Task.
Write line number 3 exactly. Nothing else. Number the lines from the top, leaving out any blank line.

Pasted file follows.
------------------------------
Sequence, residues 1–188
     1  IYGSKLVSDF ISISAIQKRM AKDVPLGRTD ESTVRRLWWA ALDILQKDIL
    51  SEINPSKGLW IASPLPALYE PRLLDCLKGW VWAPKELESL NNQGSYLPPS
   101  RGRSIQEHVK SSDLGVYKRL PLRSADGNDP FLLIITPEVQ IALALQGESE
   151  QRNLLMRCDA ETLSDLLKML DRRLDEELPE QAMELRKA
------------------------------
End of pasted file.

    51  SEINPSKGLW IASPLPALYE PRLLDCLKGW VWAPKELESL NNQGSYLPPS